Thanks. I agree with your comments regarding designers and also many trim contractors. We pretty much decided to go with the 4 1/2 (against the advice of our trimmer who suggested the 3 1/4). Due to the windows and doors already cased at 3 1/4, I feel a jump to 5-6 on the archways would be too much. If we could start all over I would have chosen a wider window casing and taller base. I'm hoping the 4 1/2 will be stately enough to set our home apart from the builder's grade stock and at least a bit closer to what should have been placed. I absolutely agree that your formula would be more befitting. Since the windows and doors are already finished we cannot find a 4 1/2 to match the existing mouldings. Would an entirely different profile be acceptable? Putting a band on the existing 3 1/4 I can see, but I believe the thickness would still be too thin on the tapered end.


From Gary Katz, forum techical advisor:
The band would be a very good workaround.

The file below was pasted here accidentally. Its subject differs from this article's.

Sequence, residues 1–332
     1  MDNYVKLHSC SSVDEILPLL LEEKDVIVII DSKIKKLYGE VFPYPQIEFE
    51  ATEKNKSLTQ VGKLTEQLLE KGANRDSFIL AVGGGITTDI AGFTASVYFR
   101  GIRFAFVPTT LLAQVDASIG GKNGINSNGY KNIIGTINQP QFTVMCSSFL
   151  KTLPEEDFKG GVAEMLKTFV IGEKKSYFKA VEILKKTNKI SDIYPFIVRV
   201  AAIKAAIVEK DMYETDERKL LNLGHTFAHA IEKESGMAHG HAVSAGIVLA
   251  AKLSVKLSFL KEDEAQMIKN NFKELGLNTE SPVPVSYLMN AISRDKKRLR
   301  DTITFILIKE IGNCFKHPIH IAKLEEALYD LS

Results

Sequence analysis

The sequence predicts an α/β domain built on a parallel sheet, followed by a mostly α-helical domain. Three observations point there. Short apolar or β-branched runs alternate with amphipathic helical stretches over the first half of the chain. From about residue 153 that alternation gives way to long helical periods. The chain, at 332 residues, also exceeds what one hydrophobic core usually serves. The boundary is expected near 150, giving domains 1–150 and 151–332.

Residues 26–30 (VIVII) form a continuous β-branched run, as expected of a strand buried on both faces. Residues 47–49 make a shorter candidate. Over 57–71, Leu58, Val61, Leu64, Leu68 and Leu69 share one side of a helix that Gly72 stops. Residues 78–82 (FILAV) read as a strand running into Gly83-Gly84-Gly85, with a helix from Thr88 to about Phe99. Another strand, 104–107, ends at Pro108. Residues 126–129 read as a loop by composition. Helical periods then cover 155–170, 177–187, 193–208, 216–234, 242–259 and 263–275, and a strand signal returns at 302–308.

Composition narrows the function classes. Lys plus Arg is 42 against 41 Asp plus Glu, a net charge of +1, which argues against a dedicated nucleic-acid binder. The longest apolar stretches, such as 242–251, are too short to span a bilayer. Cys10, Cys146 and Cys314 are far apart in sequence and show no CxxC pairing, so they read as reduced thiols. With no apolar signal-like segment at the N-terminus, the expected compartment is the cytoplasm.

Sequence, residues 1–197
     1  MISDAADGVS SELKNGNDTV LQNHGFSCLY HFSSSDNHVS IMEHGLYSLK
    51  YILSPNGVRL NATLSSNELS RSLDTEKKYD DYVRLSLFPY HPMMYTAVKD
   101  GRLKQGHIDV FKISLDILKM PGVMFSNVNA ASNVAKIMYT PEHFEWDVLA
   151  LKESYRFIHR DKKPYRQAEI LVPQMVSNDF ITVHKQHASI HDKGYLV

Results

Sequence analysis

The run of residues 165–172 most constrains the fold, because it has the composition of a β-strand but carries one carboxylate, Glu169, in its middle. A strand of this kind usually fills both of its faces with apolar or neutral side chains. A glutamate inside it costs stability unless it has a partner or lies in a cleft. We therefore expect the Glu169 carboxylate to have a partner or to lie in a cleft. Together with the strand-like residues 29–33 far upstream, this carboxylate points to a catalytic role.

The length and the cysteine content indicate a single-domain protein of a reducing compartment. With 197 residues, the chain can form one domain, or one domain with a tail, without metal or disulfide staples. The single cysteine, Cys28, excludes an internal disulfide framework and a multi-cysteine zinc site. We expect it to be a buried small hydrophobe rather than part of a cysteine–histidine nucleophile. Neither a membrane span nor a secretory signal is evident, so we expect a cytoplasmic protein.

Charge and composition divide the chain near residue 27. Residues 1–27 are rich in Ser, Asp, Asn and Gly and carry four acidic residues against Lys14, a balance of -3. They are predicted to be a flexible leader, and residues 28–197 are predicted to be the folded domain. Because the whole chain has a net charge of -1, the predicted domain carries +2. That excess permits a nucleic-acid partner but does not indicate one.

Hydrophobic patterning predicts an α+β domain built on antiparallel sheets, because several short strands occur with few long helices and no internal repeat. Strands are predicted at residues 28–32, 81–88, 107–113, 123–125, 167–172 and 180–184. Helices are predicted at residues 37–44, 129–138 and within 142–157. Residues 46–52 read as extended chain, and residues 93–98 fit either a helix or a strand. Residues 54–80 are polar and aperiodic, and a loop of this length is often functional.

From contributor R:
Why not buy a couple of pieces of different widths, tack them in place, then stand back and see which you like better? A few dollars invested up front is worth the peace of mind.


From contributor O:
You really need to model things that are out of the ordinary. Grab a router and try a few bands, then tack them up. Maybe a cove to transition to a flat. Try a smaller/bigger bead, or a square outer edge with a quirk and a bead - a few different ideas to see what they look like.

Once you've done something nice to your installed doors and windows, scale it up to 5-6" to make the arches. The molding can be similar, with a few of the same elements, or a very direct copy just made bigger.

I design liturgical furniture, which goes in very large spaces. You just never know. Time and again I'm amazed by the difference a quarter inch in diameter makes to an 8" diameter leg, or how an 1/8" bigger offset really makes a molding pop.

Sure, kudos go with great work, but remember that this is why it costs more and fewer people do it. You just *have* to take the time to figure out the details. Besides, this part of the job is fun (says a designer) and adds a lot to the rest of what you do.